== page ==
THE SPANISH government and A.P. Moller – Maersk have signed a “general protocol for collaboration” to investigate opportunities for green fuels production at scale in Spain.

According to a statement from Maersk, signing the protocol marks a significant milestone in the collaboration that, if implemented in full, could deliver up to 2 million tonnes of green fuels per year.

The project aims to explore the feasibility on how to cover the full value chain from renewable energy sources to bunkering of vessels.

Maersk’s recent newbuild ship orders have been for ships that can run on methanol. The company has 19 such vessels on order.

The company said it is aiming for a net-zero target of 2040 across its entire business.

A.P. Moller – Maersk CEO Søren Skou said we are living in a “climate emergency.

“We need to rapidly accelerate the availability of green future fuels,” he said.

“We are very pleased to explore green fuel opportunities with the Spanish Government, as the country holds key characteristics to help solve this challenge with its great hydrogen ambitions and aspiring sustainability goals. At the same time, Spain encompasses significant renewable resources and is placed along key shipping routes.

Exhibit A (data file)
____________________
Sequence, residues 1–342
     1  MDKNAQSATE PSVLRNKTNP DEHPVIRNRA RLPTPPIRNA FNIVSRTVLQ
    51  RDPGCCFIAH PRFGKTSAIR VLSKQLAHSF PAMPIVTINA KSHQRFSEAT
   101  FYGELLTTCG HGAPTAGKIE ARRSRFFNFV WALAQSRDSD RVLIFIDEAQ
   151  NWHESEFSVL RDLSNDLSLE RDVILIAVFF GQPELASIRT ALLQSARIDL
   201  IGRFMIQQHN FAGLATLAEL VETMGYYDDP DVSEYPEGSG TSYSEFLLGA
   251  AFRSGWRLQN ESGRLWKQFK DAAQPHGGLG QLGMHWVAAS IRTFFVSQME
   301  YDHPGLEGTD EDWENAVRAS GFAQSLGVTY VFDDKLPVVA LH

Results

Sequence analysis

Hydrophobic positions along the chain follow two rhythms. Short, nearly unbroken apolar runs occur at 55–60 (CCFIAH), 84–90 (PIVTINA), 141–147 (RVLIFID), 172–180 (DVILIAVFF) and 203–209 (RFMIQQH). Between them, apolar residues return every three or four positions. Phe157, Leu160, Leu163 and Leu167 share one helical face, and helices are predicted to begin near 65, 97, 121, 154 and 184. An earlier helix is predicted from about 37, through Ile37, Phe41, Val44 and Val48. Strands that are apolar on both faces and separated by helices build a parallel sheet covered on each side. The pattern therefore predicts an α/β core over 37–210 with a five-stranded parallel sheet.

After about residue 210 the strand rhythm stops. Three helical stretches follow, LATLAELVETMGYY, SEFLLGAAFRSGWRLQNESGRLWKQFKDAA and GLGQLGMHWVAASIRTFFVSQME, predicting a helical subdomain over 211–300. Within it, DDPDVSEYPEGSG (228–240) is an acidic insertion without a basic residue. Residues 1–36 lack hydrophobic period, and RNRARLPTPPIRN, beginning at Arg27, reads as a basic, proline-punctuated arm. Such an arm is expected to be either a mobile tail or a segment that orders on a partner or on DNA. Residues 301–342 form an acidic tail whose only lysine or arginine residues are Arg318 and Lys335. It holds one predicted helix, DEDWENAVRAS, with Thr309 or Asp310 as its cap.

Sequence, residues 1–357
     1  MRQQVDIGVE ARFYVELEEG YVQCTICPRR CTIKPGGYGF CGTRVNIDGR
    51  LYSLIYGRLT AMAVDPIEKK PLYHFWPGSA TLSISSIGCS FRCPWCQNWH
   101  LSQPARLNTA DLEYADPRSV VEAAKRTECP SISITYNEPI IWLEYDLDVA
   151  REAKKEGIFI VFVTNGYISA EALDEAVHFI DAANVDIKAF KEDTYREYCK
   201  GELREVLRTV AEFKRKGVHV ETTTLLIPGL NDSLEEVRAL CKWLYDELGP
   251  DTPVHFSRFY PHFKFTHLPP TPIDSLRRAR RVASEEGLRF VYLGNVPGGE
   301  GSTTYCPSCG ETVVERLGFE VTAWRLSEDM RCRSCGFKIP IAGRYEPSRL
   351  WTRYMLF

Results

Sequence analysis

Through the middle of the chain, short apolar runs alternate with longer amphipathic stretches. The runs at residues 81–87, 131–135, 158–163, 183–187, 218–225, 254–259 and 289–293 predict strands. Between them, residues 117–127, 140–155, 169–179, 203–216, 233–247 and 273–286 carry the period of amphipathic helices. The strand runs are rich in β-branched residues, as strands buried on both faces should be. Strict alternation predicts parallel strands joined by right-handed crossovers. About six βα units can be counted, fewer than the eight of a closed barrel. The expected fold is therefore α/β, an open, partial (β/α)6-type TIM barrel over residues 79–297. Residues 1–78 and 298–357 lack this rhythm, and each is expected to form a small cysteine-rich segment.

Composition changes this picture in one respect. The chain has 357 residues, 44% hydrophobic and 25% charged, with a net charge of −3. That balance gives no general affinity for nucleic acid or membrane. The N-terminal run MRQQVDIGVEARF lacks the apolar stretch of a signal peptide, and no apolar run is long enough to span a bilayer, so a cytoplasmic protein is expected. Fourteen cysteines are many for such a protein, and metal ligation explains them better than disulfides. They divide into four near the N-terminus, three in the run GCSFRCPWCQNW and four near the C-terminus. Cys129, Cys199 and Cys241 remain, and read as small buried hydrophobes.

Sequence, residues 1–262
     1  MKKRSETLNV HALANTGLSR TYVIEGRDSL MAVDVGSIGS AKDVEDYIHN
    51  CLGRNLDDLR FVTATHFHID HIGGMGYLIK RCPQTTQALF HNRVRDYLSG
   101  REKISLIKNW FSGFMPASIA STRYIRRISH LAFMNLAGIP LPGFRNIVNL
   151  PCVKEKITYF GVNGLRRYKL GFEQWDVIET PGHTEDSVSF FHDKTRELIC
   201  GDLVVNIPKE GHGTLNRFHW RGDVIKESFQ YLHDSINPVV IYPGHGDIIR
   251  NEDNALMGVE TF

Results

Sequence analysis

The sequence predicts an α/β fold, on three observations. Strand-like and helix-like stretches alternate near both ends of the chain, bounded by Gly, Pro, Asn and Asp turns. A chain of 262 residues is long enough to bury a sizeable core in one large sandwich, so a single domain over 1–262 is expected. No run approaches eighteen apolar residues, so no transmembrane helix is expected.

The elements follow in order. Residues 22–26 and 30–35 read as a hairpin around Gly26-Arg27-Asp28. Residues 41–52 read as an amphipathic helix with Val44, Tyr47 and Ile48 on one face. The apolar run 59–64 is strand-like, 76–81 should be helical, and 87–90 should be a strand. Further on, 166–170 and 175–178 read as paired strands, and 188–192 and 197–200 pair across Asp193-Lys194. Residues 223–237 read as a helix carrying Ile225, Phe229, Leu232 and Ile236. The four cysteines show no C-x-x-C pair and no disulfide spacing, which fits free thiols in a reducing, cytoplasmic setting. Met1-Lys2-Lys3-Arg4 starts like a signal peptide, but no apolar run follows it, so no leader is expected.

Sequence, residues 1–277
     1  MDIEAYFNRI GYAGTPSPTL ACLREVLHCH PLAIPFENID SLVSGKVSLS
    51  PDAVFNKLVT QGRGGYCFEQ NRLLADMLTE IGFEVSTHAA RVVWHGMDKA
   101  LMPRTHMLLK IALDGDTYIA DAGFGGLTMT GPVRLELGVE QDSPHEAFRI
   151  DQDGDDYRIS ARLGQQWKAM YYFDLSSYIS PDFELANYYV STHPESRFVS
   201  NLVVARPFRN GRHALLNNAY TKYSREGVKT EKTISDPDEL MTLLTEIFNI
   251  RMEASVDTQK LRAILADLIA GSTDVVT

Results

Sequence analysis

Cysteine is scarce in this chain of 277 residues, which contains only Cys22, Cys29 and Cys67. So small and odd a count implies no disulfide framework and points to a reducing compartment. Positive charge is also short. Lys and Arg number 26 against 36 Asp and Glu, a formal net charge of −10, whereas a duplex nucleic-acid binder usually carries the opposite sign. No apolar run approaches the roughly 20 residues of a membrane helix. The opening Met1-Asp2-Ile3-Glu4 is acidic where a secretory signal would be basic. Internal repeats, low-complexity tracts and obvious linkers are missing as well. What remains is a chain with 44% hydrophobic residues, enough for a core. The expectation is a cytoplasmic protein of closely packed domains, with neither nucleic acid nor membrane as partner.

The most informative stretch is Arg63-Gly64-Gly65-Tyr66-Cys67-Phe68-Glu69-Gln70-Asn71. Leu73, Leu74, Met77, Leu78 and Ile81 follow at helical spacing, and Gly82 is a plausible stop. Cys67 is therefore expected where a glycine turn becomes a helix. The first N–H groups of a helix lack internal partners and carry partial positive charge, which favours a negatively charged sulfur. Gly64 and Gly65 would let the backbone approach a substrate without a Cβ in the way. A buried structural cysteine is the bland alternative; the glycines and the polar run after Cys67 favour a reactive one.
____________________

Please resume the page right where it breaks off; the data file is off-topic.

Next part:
The parties are reviewing production opportunities in the Andalusia and Galicia regions.

The President of the Government of Spain, Pedro Sánchez, said the project would strengthen the economic, political and commercial ties with Denmark.

“This project is perfectly aligned with Spain’s strategy of reindustrialisation, just transition and the green hydrogen roadmap, advancing in the fulfillment of the common commitment of decarbonisation of the European Union,” he said.

Maersk said the availability of green energy and fuels in sufficient quantities and at cost-competitive price levels remains the main challenge for the decarbonisation of global shipping. The company said it needs approximately 6 million tonnes of green methanol per year to reach its 2030 milestone fleet emissions target and even larger amounts by 2040 for its fleet to reach net zero.

A.P. Moller – Maersk CEO fleet and strategic brands Henriette Hallberg said Maersk is part of the climate problem, as it operates a large fleet of container vessels.

“We have made the choice to take an active part in shaping the solutions to secure a green and just transition, enabling the global shipping industry to deliver on the Paris Agreement and Maersk to achieve its 2040 net-zero target,” she said.

“To achieve our goals, we need to collaborate with partners who are actively looking at green solutions for the future.”

The 19 vessels capable of running on green methanol that Maersk will put in operation during 2023-2025 will require about 750,000 tonnes of green methanol.